|LG Electronics RU52SZ61D 52-inch DLP HDTV|
|Home Theater Rear-Projection HDTVs DLP Rear-Projection HDTVs|
|Written by Bryan Southard|
|Wednesday, 01 September 2004|
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HDTV and Movies
First on the platter is “Gladiator” (DreamWorks Home Entertainment), a very common video reference of mine due to its stellar anamorphic pressing and outstanding black levels. One of the knocks to any rear-projected display is uneven light distribution, which often renders a bright spot at the focal center of the display. This has been much improved upon over the years and is only slightly visible to viewers with a pretty direct viewing angle. When viewing the LG Electronics RU52SZ61D from a five-foot distance with no viewing angle, the light distribution looks nearly perfect. As I step back to an eight-foot distance, dark spots, or rather concentrated areas of light, begin to appear. When I step to a 45-degree angle at the same eight-foot distance, the darker spots increase but still provide a pleasurable viewing experience. This condition is considerably improved over displays of even a year ago in this price class. I find that 45-degree-angle viewing is quite good and causes little degradation. For those who are looking for 120 degrees of viewing, you will want to audition the RU52SZ61D to assure that you are satisfied. Unless you have an enormous viewing room, 90 degrees of viewing should suffice and this display has plenty of adequate light for a satisfying picture.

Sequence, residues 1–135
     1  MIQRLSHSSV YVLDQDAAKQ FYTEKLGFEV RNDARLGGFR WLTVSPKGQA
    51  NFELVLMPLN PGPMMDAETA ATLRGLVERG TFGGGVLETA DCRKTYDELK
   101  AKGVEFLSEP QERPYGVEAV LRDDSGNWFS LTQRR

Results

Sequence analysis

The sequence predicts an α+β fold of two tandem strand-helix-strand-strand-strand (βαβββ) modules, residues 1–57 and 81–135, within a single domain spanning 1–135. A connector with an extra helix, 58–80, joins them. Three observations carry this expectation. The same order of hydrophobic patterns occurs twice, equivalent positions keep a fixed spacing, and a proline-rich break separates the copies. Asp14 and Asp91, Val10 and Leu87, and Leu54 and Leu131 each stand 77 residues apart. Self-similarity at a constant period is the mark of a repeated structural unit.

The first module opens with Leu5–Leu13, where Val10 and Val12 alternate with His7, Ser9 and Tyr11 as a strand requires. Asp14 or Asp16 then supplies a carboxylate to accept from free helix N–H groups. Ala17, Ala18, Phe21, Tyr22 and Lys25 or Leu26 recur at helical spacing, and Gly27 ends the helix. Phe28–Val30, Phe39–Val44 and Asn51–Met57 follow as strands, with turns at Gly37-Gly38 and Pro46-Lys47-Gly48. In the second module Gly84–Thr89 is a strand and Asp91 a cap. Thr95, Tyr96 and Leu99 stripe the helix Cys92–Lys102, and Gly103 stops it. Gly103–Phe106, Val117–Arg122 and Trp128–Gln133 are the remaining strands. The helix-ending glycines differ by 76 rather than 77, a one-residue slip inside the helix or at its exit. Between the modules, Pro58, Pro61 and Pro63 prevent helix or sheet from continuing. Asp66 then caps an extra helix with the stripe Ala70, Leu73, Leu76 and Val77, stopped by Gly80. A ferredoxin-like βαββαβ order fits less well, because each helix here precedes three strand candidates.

In Chapter Eight, the grasses are quite detailed. I paid close attention to the edges of the blades for stair-stepping and negative artifacts. Although the edges are not perfect when compared to how they look on high-resolution plasma and LCD direct view displays, it is very good compared to all the modern CRT rear-projection systems in its price class. I also noted a lack of common video noise, something found in poor quality video. The black level detail is good, not perfect yet nevertheless enjoyable. Contrast is perhaps the biggest problem with projection sets and the LG Electronics RU52SZ61D is no exception, yet the colors are rich enough that any contrast issues are sidelined in favor of “Gladiator’s” action. The red blood in this scene looks good and has considerable depth and definition.
One of my favorite references in this movie is at the end battle. As Russell Crowe lies dying on the coliseum floor, the contrast from the whites caused by light reflection in his black hair show very well. There is good edge detail proving the internal doubler is performing well. Contrast isn’t perfect, but a very satisfying picture is provided nevertheless. I found myself focusing on the rose petals on the ground and saw little edge noise. Overall, this was a very good demonstration.
In Chapter One of the 2002 animated classic “Ice Age” (20th Century Fox), details in the glistening snow are very apparent and have good depth. The fur of the squirrel looks quite good and has little edge artifacts as it moves quickly. In fact, as the snow shards chase the squirrel down the hill, I found myself enjoying the movie more than picking at flaws. This is always a sign of a display that provides a very tantalizing picture.